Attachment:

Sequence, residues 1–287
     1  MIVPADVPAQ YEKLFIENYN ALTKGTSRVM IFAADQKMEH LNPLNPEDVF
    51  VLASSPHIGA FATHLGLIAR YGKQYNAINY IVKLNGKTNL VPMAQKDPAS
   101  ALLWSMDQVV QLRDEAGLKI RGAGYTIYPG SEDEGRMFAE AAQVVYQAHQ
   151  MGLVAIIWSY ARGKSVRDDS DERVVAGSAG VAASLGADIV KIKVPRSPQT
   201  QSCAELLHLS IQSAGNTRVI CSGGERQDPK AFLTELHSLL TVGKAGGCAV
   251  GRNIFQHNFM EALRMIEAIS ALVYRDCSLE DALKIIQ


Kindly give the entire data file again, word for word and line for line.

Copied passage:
Sequence, residues 1–287
     1  MIVPADVPAQ YEKLFIENYN ALTKGTSRVM IFAADQKMEH LNPLNPEDVF
    51  VLASSPHIGA FATHLGLIAR YGKQYNAINY IVKLNGKTNL VPMAQKDPAS
   101  ALLWSMDQVV QLRDEAGLKI RGAGYTIYPG SEDEGRMFAE AAQVVYQAHQ
   151  MGLVAIIWSY ARGKSVRDDS DERVVAGSAG VAASLGADIV KIKVPRSPQT
   201  QSCAELLHLS IQSAGNTRVI CSGGERQDPK AFLTELHSLL TVGKAGGCAV
   251  GRNIFQHNFM EALRMIEAIS ALVYRDCSLE DALKIIQ